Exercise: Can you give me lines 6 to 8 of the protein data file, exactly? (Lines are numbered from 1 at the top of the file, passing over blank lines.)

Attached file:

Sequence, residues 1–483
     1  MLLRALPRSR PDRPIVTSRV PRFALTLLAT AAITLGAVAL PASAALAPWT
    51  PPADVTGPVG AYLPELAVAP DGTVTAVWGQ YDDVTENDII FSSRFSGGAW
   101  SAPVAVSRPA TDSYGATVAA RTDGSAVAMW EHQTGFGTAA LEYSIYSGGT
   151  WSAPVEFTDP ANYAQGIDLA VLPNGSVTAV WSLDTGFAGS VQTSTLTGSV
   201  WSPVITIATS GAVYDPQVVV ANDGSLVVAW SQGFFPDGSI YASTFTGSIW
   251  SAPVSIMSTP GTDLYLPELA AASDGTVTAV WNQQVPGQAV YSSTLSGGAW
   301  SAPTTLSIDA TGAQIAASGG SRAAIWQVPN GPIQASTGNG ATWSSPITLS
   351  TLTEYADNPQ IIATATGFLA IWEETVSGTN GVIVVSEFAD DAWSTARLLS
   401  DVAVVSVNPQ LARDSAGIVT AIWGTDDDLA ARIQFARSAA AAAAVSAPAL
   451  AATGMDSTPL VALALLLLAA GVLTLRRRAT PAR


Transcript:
   201  WSPVITIATS GAVYDPQVVV ANDGSLVVAW SQGFFPDGSI YASTFTGSIW
   251  SAPVSIMSTP GTDLYLPELA AASDGTVTAV WNQQVPGQAV YSSTLSGGAW
   301  SAPTTLSIDA TGAQIAASGG SRAAIWQVPN GPIQASTGNG ATWSSPITLS